UK oil & gas production up 20% since 2014
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Despite its notoriety as a legacy producing region, the UK’s continental shelf yielded 20 percent more oil and gas in the last five years after 14 consecutive years of production declines.
The figure for 2018 was 1.7 million barrels of oil equivalent daily and it covered 59 percent of the country’s oil and gas demand, the industry body noted, adding that newly approved projects last year exceeded the total number for the previous three years combined, at 13. These, OGUK said, will tap into 400 million barrels of oil equivalent. Capital spending on these projects is estimated at around US$4.37 billion (3.3 billion pounds).
Exploration in the UK’s North Sea is definitely picking up and this year could see the drilling of up to 15 new wells, the association also said. This is momentum that needs to be maintained, the association noted, as expectations were for another decline in production to begin after 2020.
Over the longer term, the investment flow will need to keep flowing into new exploration and production to keep output rising. In its Vision 2035, OGUK estimated the industry needed to add another generation to the productive life of the UK’s continental shelf and said this would need investments of around US$264.8 billion (200 billion pounds).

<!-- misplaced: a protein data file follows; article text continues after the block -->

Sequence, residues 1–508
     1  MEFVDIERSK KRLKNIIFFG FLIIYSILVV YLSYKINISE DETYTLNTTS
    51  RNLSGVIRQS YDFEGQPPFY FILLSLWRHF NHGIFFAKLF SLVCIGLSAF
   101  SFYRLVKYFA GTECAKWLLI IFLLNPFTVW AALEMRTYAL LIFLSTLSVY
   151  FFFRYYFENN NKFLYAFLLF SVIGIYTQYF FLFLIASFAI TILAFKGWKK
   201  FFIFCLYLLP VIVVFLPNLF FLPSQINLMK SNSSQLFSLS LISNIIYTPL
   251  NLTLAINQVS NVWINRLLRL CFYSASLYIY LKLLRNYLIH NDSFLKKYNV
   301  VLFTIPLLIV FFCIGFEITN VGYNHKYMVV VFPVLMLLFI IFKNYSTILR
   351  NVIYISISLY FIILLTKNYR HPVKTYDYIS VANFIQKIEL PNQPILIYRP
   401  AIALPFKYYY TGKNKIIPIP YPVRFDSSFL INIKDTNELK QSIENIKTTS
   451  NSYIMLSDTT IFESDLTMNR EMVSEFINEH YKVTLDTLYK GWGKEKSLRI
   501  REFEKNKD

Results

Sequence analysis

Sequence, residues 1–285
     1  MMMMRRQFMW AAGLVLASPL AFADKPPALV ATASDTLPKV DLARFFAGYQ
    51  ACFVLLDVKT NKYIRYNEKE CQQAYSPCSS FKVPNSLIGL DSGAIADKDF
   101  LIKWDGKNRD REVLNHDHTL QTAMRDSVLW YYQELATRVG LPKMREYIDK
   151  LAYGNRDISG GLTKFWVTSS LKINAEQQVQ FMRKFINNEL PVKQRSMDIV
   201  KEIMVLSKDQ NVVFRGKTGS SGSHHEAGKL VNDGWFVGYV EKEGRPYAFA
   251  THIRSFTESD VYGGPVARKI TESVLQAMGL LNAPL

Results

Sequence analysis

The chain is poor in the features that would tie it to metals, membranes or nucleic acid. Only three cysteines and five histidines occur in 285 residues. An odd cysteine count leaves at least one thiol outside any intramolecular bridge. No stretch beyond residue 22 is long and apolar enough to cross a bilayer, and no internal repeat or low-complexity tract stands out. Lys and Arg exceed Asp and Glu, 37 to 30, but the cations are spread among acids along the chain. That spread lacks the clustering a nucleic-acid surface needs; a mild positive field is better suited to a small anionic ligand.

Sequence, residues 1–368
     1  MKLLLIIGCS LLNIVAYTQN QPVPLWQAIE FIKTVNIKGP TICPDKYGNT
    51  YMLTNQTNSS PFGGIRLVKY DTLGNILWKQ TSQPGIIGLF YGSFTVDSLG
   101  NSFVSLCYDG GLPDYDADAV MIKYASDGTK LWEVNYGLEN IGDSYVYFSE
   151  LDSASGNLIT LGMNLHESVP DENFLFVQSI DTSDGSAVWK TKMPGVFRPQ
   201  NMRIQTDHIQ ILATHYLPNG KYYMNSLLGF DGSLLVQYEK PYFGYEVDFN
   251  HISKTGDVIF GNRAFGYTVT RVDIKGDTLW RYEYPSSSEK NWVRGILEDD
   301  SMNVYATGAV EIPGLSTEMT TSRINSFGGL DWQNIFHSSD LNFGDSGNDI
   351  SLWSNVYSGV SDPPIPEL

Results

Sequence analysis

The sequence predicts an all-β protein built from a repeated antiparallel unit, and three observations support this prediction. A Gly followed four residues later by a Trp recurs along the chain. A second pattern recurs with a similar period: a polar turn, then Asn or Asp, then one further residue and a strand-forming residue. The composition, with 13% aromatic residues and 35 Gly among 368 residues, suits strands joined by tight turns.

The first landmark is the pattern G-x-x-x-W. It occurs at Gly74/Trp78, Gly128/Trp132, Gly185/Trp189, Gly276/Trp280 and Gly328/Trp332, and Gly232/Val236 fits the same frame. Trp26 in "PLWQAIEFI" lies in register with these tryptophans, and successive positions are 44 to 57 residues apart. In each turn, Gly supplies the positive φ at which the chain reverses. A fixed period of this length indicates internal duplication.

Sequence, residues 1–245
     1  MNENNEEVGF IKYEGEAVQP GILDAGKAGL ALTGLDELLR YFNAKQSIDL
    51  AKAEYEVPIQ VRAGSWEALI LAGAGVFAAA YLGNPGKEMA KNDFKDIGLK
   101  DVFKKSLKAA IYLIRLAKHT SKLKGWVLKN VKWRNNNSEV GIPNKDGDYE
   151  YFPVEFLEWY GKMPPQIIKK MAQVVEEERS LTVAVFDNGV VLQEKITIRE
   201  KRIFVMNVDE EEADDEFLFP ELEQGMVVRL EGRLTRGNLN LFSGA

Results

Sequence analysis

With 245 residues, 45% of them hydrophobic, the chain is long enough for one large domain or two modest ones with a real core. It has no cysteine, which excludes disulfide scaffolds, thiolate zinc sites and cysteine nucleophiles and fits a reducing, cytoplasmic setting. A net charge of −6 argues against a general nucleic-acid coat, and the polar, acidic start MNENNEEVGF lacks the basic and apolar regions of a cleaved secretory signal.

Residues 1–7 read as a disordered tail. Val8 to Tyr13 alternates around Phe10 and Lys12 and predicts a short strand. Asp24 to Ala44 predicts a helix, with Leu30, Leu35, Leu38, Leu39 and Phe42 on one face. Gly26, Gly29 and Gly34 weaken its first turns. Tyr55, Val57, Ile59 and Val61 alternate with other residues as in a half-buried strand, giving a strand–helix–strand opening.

Meanwhile, ownership and operatorship patterns are changing, the industry body said in its report. Private equity firms are increasing their holdings in the UK continental shelf, and so are some energy independents. Interestingly enough, these independents are focusing on legacy fields, to which they are applying a “fit-for-purpose” approach.
This focus may have something to do with the low rate of successful discoveries, which sank to a record low last year. Even so, optimism about exploration persists, perhaps thanks in no small part to the fact that two of the biggest conventional oil and gas discoveries in the UK’s continental shelf were made last year, Glendronach and Glengorm.